Think we can't live without plastic? Think again. In 2007 I committed to stop buying any new plastic & I've almost succeeded! Won't you join me? Let's see what plastic-free looks like today… for the health of our bodies, our oceans, our planet. ~Beth Terry
Another day, another broken gadget. Plastic-free rule #1 when something breaks is to try and fix it instead of replacing it. But that’s not always easy since so many appliances are built to be tossed instead of repaired. Well Easy Schmeasy. Fixing things is fun. Saves money. Makes you feel like a Super Hero instead of a victim. A few weeks ago, I got to don my cape again after Michael plugged in the rice cooker and nothing happened. The light didn’t come on. The element didn’t heat up. The rice did not get cooked. But the wheels in my brain started turning.
(And before any of you leave comments about how we don’t need a rice cooker and could easily cook rice on the stove and here are the instructions how to do it etc etc… yeah, I know. But we have a rice cooker. And we like it. And this one broke, so this is how we fixed it.)
Queen Helene’s hugely popular mint julep masque is widely considered to be a safe product. I mean, it’s found in all the health food stores, so it must be okay, right? Or is it? And is there any actual mint in it?
I’ve had this same plastic tube of the stuff sitting in my bathroom cabinet for years and had pretty much forgotten about it until a few weeks ago when I noticed my face was getting dirty from all the work in the garden. (For those who don’t know, mud masks are used to suck out the oil and dirt clogging your pores and leave your face baby soft.) Following my resolution to use up the plastic-packaged stuff I already have before looking for alternatives, I dug out the Queen Helene and got ready to slather it on my face… until I read the ingredients.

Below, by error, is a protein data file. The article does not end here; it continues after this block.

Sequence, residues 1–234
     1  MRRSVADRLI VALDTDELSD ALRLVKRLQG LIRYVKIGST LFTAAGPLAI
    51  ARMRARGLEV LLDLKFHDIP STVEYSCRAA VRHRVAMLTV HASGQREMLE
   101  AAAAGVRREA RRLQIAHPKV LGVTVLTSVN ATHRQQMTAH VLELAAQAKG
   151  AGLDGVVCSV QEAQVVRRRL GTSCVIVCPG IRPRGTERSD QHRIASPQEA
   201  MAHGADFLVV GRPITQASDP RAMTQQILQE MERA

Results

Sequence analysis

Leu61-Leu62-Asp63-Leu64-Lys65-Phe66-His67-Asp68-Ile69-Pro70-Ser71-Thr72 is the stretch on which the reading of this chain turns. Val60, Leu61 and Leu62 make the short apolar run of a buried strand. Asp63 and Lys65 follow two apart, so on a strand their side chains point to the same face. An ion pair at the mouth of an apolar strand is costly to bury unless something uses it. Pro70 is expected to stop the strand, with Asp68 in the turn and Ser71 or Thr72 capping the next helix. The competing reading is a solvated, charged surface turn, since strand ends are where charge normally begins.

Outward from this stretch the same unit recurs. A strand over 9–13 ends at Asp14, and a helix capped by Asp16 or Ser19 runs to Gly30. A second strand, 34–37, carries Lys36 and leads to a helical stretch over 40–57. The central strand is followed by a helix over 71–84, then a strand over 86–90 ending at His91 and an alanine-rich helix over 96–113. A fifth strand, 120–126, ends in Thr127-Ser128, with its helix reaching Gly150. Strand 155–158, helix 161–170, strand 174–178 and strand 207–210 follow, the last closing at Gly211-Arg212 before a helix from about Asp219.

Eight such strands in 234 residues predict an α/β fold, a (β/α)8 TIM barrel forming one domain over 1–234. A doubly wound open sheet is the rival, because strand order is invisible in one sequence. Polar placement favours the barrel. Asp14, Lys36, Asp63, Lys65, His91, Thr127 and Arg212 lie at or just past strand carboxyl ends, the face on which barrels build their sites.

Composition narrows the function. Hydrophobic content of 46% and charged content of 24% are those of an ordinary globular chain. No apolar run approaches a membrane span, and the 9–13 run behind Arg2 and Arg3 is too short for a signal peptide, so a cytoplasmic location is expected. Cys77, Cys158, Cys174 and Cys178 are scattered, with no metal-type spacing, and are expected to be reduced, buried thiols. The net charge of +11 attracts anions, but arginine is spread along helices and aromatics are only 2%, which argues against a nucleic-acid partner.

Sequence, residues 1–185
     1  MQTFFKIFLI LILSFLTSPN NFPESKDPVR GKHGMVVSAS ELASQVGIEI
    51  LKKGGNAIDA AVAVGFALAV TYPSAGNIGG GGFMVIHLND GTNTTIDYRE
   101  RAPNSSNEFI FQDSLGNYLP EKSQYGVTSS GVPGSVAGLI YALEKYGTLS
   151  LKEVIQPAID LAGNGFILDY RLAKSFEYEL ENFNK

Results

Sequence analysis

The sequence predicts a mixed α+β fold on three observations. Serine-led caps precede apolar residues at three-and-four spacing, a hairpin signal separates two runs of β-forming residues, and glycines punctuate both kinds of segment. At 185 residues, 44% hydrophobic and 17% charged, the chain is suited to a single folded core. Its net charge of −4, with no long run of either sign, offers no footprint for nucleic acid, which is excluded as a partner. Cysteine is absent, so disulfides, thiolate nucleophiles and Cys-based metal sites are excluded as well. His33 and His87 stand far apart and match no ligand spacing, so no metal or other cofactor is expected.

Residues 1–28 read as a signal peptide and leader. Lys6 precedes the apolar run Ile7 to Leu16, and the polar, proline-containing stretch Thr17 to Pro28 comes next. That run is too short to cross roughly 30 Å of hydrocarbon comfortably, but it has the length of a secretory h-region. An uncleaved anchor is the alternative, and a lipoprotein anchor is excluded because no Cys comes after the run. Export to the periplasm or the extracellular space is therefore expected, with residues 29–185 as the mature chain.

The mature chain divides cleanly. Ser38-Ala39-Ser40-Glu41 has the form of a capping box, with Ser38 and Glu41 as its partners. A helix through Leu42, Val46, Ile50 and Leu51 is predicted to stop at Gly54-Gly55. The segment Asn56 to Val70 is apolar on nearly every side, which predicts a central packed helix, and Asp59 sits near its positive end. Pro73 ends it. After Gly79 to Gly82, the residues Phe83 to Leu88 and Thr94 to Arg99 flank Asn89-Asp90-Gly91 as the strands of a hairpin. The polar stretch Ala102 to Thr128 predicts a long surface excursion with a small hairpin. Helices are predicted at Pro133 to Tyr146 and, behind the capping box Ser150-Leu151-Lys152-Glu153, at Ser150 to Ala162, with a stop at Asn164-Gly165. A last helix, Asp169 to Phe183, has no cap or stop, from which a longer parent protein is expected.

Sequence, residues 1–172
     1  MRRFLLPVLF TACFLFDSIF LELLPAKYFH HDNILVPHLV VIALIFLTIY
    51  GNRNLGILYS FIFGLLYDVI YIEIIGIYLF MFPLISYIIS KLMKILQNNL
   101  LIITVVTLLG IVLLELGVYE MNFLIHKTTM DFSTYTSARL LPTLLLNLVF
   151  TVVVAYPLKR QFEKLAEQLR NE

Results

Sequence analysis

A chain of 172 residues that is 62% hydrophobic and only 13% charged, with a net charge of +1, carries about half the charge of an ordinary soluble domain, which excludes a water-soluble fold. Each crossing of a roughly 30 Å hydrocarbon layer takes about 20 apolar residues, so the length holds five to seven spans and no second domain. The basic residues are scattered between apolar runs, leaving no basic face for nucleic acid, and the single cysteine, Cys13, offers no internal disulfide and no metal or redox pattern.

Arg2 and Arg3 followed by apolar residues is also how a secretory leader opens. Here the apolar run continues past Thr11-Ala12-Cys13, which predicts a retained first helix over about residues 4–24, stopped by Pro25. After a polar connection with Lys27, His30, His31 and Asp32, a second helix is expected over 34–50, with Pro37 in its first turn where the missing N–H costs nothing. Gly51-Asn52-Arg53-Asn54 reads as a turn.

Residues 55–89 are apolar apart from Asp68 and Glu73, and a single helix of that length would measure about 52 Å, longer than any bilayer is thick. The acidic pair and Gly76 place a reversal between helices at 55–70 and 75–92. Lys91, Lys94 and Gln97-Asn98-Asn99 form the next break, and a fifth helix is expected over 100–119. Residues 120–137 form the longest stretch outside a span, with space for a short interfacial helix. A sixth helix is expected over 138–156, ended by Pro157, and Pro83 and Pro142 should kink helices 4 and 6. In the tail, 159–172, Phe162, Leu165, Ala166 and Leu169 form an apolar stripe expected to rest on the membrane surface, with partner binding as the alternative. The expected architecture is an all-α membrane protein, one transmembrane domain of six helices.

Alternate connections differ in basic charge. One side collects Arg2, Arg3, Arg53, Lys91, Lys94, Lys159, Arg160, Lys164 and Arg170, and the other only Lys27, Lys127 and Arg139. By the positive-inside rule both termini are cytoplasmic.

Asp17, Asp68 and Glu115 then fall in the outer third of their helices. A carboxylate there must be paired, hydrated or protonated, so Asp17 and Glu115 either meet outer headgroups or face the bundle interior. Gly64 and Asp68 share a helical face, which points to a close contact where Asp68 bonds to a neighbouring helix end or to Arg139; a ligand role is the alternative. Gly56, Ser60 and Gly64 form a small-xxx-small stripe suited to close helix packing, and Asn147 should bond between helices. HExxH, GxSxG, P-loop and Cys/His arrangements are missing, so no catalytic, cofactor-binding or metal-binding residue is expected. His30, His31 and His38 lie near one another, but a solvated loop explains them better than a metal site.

My plastic-free gardening project is coming right along. I’ve been eating chard for days! Some plants are doing well, and some are doing not so well. I have questions for you. Please read through to the end of this post to see some of my plant problems and offer suggestions. But first, here are my solutions for plastic-free mulching and watering. (Catch up with Part 1 about soil and Part 2 about buying and planting seeds and plants here.)
Don’t laugh, but I honestly didn’t know what mulch was or what it was for before speaking with Eric. According to Organic Gardening:
Mulch prevents weeds from sprouting up in your garden, keeps soil moist and aerated, protects your plants from soilborne diseases, replenishes the soil as it decomposes, and keeps your yard and garden looking well tended. But which mulch is best for your needs?
Mulch can be grass clippings, leaves, pine needles, or other organic matter. Eric recommended… Read the rest
A few weeks ago, I began my plastic-free gardening project in my tiny Oakland, CA yard with the help of Rodale.com and Eric Hurlock of Organic Gardening. I built a raised bed with sustainable wood and filled it with bulk gardening soil that I had delivered without any packaging. So far so good. But buying plants and watering them has proven to be a little more tricky, plastically speaking.
I bought Botanical Interests certified organic seeds, which come in paper envelopes and are readily available at garden centers where I live. I’ve got: Swiss chard, spinach, baby carrots, wax beans, cucumbers, marigolds, and nasturtium.
Ideally, I would have started some of my seeds indoors, but I could not find a single sunny spot in my house that would not have been accessible to the Furry Ones Who Reign Supreme and their propensity for Total Destruction.
If I had been able to start seeds inside, I could have done it plastic-free. Browsing… Read the rest